Very close to the top right? Mm-hmm. And we should do our best to aim, at least be aiming for that and not like it's not happening because we're not even really trying that hard. So we've got to have that intention there, and that takes conscious thinking. Planning consideration, asking questions, learning from what went wrong or what you forgot last time.
because like I said, we're not perfect. We don't get it all right all the time, and we drop balls and that's okay. But how can you ensure next time that they're not? Could it be getting more help, having more eyes on something, asking more questions? Mm-hmm. That's where the intention comes in. It's really important that it be there.
But it's also, on the other hand, important because intention is a word that we use a lot, and too many words become buzzwords. But when people talk about, but that's not what I intended. Well, hmm. Results are more important than intention in that case. Yeah. You know, like how, what was the impact? What was the outcome?
And like, it's great that you intended to do A, B, C, but if what ended up happening. Was the total opposite, then you have to own that as well, right? And that, that, I don't want people to be afraid of trying something because you'll make mistakes. It's not that we won't make mistakes or drop balls, it's how are we going to go forward afterwards?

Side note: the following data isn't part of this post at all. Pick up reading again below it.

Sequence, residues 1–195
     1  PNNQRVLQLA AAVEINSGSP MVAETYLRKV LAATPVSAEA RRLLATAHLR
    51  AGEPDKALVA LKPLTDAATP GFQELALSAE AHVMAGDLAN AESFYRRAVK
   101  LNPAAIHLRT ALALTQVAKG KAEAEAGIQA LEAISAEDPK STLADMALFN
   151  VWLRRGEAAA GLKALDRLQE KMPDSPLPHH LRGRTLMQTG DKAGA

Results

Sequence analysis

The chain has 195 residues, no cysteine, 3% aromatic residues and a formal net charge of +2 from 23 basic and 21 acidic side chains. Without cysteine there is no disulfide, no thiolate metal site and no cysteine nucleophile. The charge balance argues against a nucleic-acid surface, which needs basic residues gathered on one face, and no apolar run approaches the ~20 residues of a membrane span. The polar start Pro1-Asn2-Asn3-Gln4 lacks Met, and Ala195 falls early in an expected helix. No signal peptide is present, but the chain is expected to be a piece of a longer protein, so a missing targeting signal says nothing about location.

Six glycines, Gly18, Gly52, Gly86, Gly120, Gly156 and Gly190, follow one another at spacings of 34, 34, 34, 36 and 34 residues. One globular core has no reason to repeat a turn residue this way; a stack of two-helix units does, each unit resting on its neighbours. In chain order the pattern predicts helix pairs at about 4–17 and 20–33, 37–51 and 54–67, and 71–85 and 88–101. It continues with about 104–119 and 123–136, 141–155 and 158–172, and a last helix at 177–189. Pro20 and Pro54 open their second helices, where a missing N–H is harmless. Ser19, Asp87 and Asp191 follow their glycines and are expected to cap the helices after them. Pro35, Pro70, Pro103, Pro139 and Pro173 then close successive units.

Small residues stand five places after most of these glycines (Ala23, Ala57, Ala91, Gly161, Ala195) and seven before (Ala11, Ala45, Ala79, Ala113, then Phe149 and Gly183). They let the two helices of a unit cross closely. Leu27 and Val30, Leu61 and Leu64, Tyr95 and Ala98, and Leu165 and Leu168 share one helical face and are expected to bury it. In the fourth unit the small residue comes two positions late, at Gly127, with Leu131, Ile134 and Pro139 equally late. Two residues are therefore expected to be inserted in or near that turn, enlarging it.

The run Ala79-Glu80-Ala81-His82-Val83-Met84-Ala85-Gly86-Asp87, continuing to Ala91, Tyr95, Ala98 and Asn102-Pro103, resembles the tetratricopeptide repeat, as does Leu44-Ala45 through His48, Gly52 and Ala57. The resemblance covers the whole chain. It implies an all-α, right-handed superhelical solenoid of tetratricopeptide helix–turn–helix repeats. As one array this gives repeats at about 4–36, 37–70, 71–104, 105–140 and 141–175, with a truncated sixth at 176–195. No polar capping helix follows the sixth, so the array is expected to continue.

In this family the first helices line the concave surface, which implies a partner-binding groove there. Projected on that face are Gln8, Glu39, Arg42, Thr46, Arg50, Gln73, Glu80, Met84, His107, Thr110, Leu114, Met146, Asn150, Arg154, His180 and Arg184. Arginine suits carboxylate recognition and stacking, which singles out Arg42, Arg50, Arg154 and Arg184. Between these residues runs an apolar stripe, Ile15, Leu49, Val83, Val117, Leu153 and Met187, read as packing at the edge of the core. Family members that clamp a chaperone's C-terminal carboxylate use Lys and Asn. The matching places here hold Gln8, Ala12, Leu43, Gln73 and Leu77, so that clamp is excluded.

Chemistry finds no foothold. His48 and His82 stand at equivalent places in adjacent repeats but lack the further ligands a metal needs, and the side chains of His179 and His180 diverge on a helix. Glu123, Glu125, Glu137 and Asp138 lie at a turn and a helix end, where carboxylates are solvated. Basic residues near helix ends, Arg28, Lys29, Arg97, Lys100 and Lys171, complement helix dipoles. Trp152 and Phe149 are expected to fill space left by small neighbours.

Are you just going to be like, oh, well, or are you going to say, Hm, how are we going to ensure that this doesn't happen again?
[00:45:24] Andrea: Yeah, and I'm always a big fan, obviously, of asking questions and don't be afraid to communicate with people and ask questions. How can I help you? How can I make this best for you? So you feel included and you feel yes, like you're yes, among the conversation and the crowd and whatever's going on.
[00:45:45] Ingrid: But also to be aware, because sometimes people don't know. Mm-hmm. Sometimes we can ask a person what, sometimes people ask me, well, what will you need? And I'm like, I don't know. I'm like, we'll figure it out as we go along because I can't necessarily think of something. So to be aware too, like you are absolutely right that you need to ask questions and give that opportunity.